The mortar is formed when lipids, from the lamellar bodies in the stratum granulosum, are released into the intercellular space. These intercorneocyte lipids (glycosyl ceramides, cholesterol, cholesterol esters, and long-chain fatty acids) are hydrophobic and prevent transepidermal water loss. Lamellar bodies have other important functions: (1) they provide enzymes that generate ceramides and free fatty acids that are incorporated into the lipid membranes; (2) they provide proteases and antiproteases that regulate digestion of corneodesmosomes and shedding of cornified cells to the exterior; and (3) they secrete antimicrobial peptides including defensins into the intercellular compartment of the stratum corneum. The lipid component of the stratum corneum surrounds the protein component to which it is covalently bound and provides adhesion of the cornified cells (i.e., bricks) to the intercellular lipids (i.e., mortar). Layers of the corneocytes and their corneocyte envelope (i.e., bricks), and intercellular lipids (i.e., mortar) form a tough and resilient protective barrier. The waterproofing and repellency of the stratum corneum is in part provided by the keratinocyte and sebum-derived lipids.

Other barrier functions of the skin include defense against antioxidant injury provided by vitamin E in sebaceous gland secretion and defense against UV light provided by the hair coat and also by melanin pigment in keratinocytes. The cap of melanin pigment over the nucleus helps protect the nucleus (and its nucleic acid) against UV light–induced injury by scattering and absorbing UV light rays. The basement membrane zone serves as an initial barrier to invasion of the dermis by neoplastic epidermal cells. The panniculus through its insulating properties serves as a barrier against cold temperatures. Secretion from apocrine glands in cattle and horses provides defense against excessive heat.

Resistance to Mechanical Forces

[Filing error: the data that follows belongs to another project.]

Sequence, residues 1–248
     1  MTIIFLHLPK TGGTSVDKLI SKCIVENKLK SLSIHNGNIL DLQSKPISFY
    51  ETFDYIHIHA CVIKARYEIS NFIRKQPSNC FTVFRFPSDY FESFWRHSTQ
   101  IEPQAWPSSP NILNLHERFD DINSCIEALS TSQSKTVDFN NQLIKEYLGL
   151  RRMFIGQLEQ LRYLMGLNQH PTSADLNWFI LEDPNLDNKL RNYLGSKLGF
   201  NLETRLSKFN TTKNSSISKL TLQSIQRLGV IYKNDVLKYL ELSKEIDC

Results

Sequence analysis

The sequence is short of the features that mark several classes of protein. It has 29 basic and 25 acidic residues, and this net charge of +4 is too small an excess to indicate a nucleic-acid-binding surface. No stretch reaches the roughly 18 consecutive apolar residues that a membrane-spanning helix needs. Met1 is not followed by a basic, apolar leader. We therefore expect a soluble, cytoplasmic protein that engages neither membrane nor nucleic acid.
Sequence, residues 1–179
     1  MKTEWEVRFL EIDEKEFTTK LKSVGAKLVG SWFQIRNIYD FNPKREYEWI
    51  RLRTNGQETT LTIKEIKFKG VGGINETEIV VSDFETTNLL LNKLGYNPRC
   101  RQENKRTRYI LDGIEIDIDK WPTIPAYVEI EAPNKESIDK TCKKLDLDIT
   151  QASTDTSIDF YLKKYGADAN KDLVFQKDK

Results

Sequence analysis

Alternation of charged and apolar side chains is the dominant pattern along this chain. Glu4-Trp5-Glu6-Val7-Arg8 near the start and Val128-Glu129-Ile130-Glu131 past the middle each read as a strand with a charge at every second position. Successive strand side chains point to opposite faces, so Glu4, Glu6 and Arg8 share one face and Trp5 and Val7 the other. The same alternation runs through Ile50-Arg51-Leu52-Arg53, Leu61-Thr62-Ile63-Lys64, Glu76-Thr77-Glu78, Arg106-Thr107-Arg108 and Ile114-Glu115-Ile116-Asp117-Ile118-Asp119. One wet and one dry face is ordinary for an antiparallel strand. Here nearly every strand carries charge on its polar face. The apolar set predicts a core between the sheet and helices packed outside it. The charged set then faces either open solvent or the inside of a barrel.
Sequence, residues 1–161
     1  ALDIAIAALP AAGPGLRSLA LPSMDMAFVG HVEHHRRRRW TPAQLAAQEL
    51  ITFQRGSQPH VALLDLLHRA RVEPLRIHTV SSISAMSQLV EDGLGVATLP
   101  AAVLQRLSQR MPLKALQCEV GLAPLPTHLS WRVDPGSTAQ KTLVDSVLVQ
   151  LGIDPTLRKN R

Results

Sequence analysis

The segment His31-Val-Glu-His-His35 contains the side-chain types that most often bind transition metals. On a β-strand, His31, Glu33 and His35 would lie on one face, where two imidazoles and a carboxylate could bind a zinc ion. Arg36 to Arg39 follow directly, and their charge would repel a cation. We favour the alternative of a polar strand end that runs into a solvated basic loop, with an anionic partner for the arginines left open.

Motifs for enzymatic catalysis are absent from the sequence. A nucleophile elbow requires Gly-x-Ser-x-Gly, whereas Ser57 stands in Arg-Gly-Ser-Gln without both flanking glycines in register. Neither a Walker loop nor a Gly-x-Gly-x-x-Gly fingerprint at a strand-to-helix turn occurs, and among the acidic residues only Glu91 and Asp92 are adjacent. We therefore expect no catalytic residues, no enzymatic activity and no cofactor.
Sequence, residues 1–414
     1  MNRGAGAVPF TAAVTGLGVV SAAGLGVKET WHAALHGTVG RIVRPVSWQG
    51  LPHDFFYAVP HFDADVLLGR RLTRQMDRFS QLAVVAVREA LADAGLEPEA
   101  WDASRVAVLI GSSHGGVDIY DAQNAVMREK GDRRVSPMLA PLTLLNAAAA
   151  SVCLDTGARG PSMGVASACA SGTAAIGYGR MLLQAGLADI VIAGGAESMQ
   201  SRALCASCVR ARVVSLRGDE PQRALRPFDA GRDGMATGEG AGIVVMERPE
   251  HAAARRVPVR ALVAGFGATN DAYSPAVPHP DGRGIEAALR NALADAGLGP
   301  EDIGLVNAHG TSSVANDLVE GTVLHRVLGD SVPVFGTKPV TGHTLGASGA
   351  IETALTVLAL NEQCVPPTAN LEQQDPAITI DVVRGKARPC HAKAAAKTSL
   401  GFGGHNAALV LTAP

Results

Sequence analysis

Anatomic features of the skin that provide resistance to physical injury are listed in Box 17-3. Hair follicles help anchor the epidermis to the dermis, as do epidermal-dermal interdigitations, thus these interdigitations are most numerous in nasal planum and pawpad where hair follicles are absent and resistance to shearing force is necessary. Host defense against mechanical injury is also provided by the tightly bundled keratin filaments of the corneocyte, the resilience of the cornified envelope, the adhesion of the cornified envelope and intercellular lipids, and the corneodesmosomes. In addition, the keratinocytes contain keratin filaments and form desmosomal junctions with adjacent cells (see Fig. 17-4). The keratin filaments perform a structural role (i.e., cytoskeletal) in the cells, and the desmosomes promote adhesion of epidermal cells and resistance to mechanical stresses. The basement membrane anchors the epidermis to the dermis via hemidesmosomes providing structural integrity against trauma. Dermal collagen and elastic tissue provide resilience and strength to the skin and support for the vessels, nerves, and adnexa. The panniculus protects against surface trauma by providing some shock absorption (e.g., pawpads), by facilitating movement, and by anchoring the dermis to fascia. Thus the various components of the epidermis, dermis, adnexa, and panniculus provide a flexible interconnecting framework to protect the host against mechanical injury.

Immunologic Defense Mechanisms

Innate Immunity